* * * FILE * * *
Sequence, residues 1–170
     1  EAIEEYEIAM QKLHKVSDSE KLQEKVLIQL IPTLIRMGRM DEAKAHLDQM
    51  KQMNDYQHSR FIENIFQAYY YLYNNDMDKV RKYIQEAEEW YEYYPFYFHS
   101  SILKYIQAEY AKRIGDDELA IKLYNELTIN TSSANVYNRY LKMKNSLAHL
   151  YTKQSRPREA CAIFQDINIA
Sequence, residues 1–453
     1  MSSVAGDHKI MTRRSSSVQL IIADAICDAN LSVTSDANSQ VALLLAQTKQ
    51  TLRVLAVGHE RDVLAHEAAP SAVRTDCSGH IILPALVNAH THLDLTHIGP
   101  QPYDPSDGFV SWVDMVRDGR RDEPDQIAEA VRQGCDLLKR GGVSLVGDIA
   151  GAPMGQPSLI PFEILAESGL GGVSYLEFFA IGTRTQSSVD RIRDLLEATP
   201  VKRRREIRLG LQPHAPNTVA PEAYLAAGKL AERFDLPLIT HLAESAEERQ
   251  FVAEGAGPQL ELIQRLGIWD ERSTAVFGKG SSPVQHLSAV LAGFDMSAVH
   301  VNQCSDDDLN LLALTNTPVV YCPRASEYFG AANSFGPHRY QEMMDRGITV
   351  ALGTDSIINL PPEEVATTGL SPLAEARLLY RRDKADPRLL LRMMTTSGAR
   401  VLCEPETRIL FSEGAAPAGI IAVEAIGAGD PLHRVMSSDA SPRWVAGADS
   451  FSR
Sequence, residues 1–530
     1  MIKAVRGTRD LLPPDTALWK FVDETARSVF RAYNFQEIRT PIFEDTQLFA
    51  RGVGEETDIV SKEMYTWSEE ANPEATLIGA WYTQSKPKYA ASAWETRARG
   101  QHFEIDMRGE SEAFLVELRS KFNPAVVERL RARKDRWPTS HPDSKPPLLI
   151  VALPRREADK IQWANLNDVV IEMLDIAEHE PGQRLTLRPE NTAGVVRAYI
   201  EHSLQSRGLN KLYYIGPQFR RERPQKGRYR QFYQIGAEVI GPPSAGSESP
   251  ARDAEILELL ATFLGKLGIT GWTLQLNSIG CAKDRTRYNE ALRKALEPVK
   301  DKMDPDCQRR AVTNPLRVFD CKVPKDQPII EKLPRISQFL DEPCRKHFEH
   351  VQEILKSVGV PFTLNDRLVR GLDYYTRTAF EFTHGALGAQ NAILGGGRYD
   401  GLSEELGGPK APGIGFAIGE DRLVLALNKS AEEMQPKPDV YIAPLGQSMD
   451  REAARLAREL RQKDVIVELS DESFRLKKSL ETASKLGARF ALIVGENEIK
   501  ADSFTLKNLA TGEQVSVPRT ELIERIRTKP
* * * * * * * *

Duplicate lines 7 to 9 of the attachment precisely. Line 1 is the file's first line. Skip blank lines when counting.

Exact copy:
     1  MSSVAGDHKI MTRRSSSVQL IIADAICDAN LSVTSDANSQ VALLLAQTKQ
    51  TLRVLAVGHE RDVLAHEAAP SAVRTDCSGH IILPALVNAH THLDLTHIGP
   101  QPYDPSDGFV SWVDMVRDGR RDEPDQIAEA VRQGCDLLKR GGVSLVGDIA